On July 3, Dutchess County Executive (and Republican candidate for governor) Marcus Molinaro signed a law clearing the way for his salary and those of other county elected officials to be raised in any year instead of requiring a vote during election years. Prior to this change, politicians were required to face the voters the same year they approved any salary change.

The resolution vaguely titled, “A local law governing when the salaries of certain elected county officials may be fixed,” was proposed by Molinaro and its effects were explained on the floor of the legislature by his Assistant County Executive Chris Baiano during June’s committee meeting.

This isn’t the first time Molinaro has worked to raise his salary.

“As Tivoli taxpayers might recall, Molinaro has a history of enriching himself at the taxpayers’ expense,” said Elisa Sumner, Chair of the Dutchess County Democratic Committee.

In 1993, the year before Molinaro joined the Tivoli Village council as trustee, the mayor of the tiny municipality received $4000/year. He became mayor in 1995 and by 2006 his compensation was nearly five times as high at $19,373.47. Tivoli has less than 500 homes while the nearby Village of Red Hook, which paid its mayor just $3,000 in 2006, has more than 900.

The salary law was approved by 13 Republican legislators during the June 11, 2018 full board meeting of the Dutchess County Legislature. Every Democratic legislator and one Republican opposed the change. The final vote was 13-10.

During the June 11 meeting, Legislator Barbara Jeter-Jackson (D-Poughkeepsie) asked the chamber if someone could explain why this change was necessary or good. Her query was met with silence from the assembled proponents and administration staff.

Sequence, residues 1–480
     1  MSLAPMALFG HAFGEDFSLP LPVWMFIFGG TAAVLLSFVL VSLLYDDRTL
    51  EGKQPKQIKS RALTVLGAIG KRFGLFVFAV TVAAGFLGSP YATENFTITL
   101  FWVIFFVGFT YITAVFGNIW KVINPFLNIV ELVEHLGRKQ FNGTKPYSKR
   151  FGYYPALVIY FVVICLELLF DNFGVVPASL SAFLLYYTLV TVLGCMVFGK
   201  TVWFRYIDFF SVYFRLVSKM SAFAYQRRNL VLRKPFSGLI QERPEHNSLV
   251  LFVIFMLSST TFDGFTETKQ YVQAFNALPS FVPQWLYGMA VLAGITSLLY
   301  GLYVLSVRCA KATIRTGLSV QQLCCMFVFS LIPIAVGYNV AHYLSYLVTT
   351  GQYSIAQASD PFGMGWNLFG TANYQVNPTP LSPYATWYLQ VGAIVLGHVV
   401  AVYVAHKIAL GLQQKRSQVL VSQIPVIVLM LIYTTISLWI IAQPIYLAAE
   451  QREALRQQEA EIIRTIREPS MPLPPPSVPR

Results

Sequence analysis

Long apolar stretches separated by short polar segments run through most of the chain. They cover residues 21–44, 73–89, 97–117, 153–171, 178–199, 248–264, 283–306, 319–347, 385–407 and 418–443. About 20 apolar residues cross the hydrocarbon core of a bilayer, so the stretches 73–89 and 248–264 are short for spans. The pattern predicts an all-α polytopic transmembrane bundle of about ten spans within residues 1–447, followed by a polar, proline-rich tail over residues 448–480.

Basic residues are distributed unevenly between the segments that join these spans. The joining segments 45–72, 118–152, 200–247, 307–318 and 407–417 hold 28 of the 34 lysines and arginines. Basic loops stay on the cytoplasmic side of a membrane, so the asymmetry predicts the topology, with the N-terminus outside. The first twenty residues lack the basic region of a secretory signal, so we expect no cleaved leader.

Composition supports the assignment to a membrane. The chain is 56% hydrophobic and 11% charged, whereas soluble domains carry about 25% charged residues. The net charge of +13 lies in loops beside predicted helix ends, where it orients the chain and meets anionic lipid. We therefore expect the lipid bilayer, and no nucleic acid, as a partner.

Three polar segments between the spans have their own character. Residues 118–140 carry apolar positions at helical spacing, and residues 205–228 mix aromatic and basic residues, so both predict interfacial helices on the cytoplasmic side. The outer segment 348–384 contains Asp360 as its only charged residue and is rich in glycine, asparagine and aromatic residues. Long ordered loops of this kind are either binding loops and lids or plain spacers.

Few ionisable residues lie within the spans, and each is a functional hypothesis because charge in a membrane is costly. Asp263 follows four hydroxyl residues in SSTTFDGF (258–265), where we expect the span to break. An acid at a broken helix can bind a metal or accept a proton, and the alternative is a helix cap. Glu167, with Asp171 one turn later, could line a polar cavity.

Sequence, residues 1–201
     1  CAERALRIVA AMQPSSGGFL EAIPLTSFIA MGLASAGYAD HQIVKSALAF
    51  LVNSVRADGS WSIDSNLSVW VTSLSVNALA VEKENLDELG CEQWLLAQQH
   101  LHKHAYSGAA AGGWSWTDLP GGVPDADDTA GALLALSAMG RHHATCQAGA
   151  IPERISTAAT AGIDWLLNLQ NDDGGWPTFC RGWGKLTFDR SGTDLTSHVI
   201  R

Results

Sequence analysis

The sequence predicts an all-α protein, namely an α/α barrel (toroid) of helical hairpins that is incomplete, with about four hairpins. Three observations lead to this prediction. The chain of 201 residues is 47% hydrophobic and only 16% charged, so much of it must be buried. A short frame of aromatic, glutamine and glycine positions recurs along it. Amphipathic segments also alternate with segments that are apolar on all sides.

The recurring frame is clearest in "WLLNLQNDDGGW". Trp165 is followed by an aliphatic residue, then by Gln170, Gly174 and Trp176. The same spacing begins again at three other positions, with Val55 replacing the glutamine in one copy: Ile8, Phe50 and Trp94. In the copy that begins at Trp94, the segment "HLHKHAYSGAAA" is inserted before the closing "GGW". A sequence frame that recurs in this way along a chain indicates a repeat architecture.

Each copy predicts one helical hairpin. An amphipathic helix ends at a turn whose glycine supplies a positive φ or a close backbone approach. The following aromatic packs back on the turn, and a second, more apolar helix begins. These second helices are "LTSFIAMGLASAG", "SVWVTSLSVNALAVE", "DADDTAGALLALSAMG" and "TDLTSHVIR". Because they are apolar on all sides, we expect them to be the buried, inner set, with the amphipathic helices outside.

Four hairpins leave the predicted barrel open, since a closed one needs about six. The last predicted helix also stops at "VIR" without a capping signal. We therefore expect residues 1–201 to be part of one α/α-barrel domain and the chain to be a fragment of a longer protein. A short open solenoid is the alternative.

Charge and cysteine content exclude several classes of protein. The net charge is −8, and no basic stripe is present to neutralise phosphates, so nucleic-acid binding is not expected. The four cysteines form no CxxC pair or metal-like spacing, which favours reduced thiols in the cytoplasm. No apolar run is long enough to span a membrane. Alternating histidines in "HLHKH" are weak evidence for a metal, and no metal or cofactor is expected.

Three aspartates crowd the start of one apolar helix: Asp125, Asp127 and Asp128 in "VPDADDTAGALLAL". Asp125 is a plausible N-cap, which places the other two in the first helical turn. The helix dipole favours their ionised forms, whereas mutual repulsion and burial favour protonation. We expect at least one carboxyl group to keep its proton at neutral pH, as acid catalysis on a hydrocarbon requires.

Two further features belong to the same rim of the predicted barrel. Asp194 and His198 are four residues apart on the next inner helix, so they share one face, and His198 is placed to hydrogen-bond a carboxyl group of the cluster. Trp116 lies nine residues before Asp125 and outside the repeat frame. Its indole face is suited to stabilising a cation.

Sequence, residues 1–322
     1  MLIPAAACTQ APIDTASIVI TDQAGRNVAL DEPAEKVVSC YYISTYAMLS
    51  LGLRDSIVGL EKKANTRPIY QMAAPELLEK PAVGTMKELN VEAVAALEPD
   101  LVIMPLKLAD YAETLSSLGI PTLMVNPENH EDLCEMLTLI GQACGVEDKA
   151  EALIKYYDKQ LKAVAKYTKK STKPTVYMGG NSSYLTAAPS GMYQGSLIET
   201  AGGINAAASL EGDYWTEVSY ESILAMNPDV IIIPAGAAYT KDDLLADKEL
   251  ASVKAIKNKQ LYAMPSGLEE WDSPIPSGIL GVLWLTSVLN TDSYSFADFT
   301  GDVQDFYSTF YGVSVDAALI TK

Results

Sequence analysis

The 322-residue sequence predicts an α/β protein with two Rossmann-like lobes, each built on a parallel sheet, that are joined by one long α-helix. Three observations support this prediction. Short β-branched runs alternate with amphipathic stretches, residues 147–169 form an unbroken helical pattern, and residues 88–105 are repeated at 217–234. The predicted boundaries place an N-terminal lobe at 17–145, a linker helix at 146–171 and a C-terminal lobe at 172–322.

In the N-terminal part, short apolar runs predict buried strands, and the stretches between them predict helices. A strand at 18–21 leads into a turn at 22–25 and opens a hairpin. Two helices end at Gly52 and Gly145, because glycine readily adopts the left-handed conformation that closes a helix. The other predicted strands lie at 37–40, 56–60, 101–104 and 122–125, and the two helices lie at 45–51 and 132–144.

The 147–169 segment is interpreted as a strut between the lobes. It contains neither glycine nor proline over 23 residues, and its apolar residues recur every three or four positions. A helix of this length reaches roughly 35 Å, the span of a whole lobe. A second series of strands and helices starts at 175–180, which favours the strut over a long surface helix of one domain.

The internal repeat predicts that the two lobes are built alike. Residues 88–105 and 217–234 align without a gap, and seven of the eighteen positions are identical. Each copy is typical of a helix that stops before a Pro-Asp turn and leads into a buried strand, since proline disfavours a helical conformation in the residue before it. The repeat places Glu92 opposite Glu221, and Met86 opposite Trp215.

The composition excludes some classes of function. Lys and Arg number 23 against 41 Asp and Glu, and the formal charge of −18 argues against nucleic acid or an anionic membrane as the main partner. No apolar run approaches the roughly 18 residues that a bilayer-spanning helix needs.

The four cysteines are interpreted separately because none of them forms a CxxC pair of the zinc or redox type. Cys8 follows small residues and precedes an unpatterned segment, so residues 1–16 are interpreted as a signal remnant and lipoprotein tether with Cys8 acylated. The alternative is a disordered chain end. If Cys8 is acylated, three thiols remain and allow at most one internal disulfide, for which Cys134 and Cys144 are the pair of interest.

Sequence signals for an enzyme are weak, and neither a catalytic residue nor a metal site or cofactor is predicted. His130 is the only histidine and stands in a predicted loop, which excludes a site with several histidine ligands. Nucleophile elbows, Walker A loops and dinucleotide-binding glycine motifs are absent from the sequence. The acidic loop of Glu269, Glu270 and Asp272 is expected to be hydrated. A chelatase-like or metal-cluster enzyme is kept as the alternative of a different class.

“Another example of the rubber stamp Republicans in the Dutchess County Legislature,” said Sumner. “They couldn’t explain why they were passing it but they went along with it anyway.”

Molinaro’s law was sponsored in the legislature by Chairman Gregg Pulver (R-North East), Assistant Majority Leader Don Sagliano (R-Pleasant Valley) and Legislator Jim Miccio (R-Fishkill). None of them answered Legislator Jeter-Jackson.

“Good government allows for its people to participate in it and holds elected officials accountable. This new law is the opposite of good government,” said Minority Leader Hannah Black (D-Hyde Park).

For decades, the law required that votes to change salaries could only happen during election years before July 15 to allow the voters to weigh in immediately on the decision. For example, legislator salaries could only be voted on in odd-numbered years (not in 2018) and salaries for elected officials with four-year terms like county sheriff, county clerk and county executive could only be voted on once every four years: the year they face the voters.

Under both the new and old laws, any salary changes would not take effect until after an election and the next term begins.

“Why fix what’s not broken?”, said Legislator Frits Zernike (D-Beacon). “As it stands, the law makes any change in salary come closer to an election, so any increase we decide on, we’ll have to answer for. Why hide that by moving it to an off-cycle year?”

“I voted no because I refuse to be an accomplice in the effort to hide votes on salary increases for elected officials,” said Minority Whip Kristofer Munn (D-Red Hook). “If anybody feels an increase is justified, they should be ready to make their case to their voters.”